After five years of turmoil, Bottled Blonde is officially closed. Its windows are taped up with black garbage bags and all social media accounts are deleted. A worker outside the embattled River North bar said Tuesday morning that ownership decided to close Monday because of COVID-19 and its simmering legal battle against the city. A Chicago spokesperson confirms the closure, saying that Bottled Blonde surrendered its business licensee on Monday.
Neighbors waged a battle against the “contemporary Italian restaurant” even before it opened in 2015. While licensed as a restaurant, neighbors complained it was operated like a nightclub. There were noise complaints to police and frustration about traffic congestion as patrons lined up near Wells and Illinois streets. Videos showed patrons exiting the venue late at night and vomiting on sidewalks. River North residents living in condo and apartment towers didn’t want to worry about that in their neighborhood.
The city ultimately stripped Bottled Blonde of its liquor license in 2017. Bottled Blonde countersued, which allowed the venue to continue business as the lawsuit remained tied up in courts. A legal back-and-forth continued through this year.
A prevailing gripe was management deceived the city when submitting its business plan to obtain licenses. It portrayed itself as a restaurant where sports fans could watch a game if they wanted. Instead, at numerous meetings held at City Hall police described a scene where seating was moved nightly to make room for a dance floor and DJs regularly blared music. Residents argued that this part of River North wasn’t the right match for the business; it wasn’t Hubbard Street, which is more of an entertainment district.
Bottled Blonde brought a college spring break mentality to Chicago, and it’s part of an Arizona-based chain, Evening Entertainment Group. The company operates other locations in Dallas and Arizona. Corporate didn’t return a request for comment Monday night. Bottled Blonde was in the spotlight last month after Instagram account End Chicago Nightlife Racism — a handle that focuses on stories about racism at Chicago’s bars and clubs — published a video of a man who worked as a manager at Bottled Blonde using the N-Word. Back in June, a spokesperson for Evening Entertainment confirmed the man worked for Bottled Blonde, but left in March.
Neighbors who attended community meetings and kept up with the saga through the years expressed muted satisfaction Tuesday. The pandemic makes it difficult to celebrate anything. Bottled Blonde management has maintained it wasn’t treated fairly by the city. They’ve tried to work with neighbors by hiring additional security. But ultimately, it was the business climate that led to the closure. Bottled Blonde, which serves pizza and the tragically named “Double B Burger,” had no outdoor seating, and the city only allows restaurants a 20-percent customer capacity.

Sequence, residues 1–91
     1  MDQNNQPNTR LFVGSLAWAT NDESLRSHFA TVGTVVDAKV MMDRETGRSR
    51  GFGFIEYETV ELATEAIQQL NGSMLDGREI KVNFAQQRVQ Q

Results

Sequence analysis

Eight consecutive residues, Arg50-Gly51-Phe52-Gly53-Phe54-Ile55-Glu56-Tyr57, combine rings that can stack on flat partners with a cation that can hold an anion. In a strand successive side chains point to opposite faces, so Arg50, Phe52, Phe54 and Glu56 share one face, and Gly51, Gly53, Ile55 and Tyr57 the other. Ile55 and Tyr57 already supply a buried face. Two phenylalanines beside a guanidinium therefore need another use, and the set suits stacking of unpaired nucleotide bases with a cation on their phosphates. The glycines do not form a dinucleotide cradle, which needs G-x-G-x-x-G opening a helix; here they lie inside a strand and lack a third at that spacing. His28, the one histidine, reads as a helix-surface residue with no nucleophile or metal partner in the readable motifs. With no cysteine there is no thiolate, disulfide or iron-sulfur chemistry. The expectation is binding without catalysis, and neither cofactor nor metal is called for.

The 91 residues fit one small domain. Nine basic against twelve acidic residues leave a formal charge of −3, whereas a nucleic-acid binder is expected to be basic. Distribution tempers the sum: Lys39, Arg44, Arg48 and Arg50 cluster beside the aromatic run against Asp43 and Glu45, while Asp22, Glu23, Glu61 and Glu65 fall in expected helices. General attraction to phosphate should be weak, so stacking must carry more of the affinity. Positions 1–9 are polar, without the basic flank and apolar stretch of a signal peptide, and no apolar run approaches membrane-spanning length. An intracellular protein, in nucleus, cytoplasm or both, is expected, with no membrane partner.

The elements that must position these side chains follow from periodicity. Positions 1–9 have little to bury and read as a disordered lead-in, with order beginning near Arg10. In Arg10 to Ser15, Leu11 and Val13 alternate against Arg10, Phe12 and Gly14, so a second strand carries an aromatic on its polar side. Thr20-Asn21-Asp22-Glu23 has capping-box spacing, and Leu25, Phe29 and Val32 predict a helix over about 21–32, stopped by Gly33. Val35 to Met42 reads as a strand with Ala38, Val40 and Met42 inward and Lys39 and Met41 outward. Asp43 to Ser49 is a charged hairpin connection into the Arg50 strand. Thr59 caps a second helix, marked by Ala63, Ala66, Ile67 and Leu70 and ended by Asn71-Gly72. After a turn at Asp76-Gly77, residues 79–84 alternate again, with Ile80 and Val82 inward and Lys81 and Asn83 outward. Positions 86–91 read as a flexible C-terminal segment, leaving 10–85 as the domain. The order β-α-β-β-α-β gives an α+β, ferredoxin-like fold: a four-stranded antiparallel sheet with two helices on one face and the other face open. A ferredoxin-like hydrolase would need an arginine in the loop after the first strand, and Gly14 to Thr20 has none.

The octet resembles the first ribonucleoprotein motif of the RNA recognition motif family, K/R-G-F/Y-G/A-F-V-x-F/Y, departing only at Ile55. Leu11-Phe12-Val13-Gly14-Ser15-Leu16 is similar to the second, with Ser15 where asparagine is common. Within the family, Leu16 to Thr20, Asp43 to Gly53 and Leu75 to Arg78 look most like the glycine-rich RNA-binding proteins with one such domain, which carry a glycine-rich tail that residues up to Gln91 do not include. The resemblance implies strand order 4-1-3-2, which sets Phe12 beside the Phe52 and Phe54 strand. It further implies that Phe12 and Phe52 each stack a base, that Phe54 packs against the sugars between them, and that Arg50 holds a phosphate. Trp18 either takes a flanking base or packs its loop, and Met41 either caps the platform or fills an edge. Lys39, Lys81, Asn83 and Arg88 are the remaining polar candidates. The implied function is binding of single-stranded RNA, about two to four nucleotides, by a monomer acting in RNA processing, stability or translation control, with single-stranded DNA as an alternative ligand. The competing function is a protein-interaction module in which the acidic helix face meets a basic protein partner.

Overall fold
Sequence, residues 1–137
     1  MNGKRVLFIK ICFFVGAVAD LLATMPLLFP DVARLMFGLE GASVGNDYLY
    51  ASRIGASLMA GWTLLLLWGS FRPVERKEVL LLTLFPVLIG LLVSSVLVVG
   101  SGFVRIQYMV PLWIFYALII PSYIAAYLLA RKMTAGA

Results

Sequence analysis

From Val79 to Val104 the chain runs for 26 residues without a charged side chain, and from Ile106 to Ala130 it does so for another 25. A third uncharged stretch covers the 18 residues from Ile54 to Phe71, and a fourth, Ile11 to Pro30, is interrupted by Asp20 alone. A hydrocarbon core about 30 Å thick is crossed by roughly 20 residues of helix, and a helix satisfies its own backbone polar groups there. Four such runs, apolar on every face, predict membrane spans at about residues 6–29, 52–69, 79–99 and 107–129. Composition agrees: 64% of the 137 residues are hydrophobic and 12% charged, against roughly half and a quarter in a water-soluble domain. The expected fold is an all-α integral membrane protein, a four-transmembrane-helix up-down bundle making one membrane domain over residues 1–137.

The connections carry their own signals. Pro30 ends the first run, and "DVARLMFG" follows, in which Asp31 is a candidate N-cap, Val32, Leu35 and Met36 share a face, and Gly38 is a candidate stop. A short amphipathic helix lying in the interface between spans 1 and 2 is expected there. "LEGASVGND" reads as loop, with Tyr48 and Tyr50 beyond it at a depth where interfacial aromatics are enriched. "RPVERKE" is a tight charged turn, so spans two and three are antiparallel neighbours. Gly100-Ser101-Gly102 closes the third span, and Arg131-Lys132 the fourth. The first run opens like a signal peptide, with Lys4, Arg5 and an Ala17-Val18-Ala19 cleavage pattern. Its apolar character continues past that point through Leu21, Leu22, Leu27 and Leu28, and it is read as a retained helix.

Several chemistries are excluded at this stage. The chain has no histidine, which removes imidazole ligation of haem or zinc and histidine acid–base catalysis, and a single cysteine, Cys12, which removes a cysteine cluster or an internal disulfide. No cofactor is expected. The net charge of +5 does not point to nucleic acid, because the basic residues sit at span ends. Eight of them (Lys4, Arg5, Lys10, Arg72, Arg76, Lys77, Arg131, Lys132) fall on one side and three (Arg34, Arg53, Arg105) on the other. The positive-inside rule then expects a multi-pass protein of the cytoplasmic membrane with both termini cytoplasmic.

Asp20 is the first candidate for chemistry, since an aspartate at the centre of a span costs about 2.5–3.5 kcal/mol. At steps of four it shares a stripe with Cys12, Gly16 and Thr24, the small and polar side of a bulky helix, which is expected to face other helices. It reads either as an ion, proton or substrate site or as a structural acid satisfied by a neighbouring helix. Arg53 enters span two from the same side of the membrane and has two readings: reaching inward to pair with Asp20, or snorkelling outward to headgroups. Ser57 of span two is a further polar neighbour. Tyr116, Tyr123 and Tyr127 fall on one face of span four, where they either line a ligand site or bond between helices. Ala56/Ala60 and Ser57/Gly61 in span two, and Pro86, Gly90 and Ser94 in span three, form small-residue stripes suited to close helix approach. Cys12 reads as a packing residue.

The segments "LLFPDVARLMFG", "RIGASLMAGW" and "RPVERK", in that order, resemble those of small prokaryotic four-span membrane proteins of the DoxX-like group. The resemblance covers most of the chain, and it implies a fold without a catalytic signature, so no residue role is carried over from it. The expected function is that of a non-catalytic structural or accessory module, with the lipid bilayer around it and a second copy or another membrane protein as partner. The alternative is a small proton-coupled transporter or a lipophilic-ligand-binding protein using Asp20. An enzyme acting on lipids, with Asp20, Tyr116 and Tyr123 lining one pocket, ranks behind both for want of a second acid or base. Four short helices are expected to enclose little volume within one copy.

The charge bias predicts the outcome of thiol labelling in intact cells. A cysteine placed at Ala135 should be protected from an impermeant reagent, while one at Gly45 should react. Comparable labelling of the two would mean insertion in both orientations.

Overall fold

A spokesperson for the city’s Business Affairs and Consumer Protection Department (BACP) provided a statement confirming the closure:
“Yesterday, Bottled Blonde surrendered their business licenses, permanently closing the River North bar after a series of serious nuisance conditions dating back to 2017. The establishment has a history of egregious license violations, including over-occupancy, noise violations, public urination, vomiting, and other problematic conditions that have had a serious impact on neighbors and the surrounding community. The City is pleased that yesterday’s action will end three years of legal proceedings with the permanent closure of this problem business.”
Through the years, Bottled Blonde contributed many memorable stories. Here’s a summary:
- In August 2015, residents start circulating a petition before Bottled Blonde opens. They’re worried about noise and traffic. They also create a website in hopes of sending a message to ownership.
- In November 2015, Bottled Blonde opens, describing itself as a contemporary Italian restaurant. It becomes a spot for Sunday football and late nights.
- In March 2016 — after several calls to police and to Ald. (42nd Ward) Brendan Reilly’s office from residents — the first of several community meetings takes place at City Hall. The goal is to work with neighbors and Bottled Blonde management to make everyone happy. No one is happy. There are complaints about Bottled Blonde customers vomiting in alleys as they exit the establishment.
- At a May 2016 community meeting at City Hall, Bottled Blonde’s attorney compared the River North venue to fine dining restaurants Next and Schwa. The context is that the city and general public shouldn’t pigeonhole Bottled Blonde; if the city did it would limit imagination and the potential for business operators.
- In October 2016, a report emerges that a patron, an off-duty police officers, pulled a gun inside Bottled Blonde to break up a fight.
- In May 2017, word spread online of a controversial dress code posted outside Bottled Blonde’s entrance. The code was quickly removed, but not before a chorus condemned the racist policies that are often used by bars to target Black men and keep them out of their establishments.
- In September 2017, Bottled Blonde fires attorney Timothy Fitzgerald. Fitzgerald wasn’t able to make a court date due to an arrest in Michigan. Bottled Blonde was represented by more than one lawyer over these five years.
- In November 2017, the city revokes Bottled Blonde’s liquor license. Management files a counter lawsuit. They continue to do business.
- In October 2019, the city raids Bottled Blonde and closes the venue down. Business licenses are revoked. Bottled Blonde attorneys file an appeal; the bar reopens.
- In January, Bottled Blonde files another lawsuit against the city and alleges Chicago’s noise ordinance violates the state’s constitution.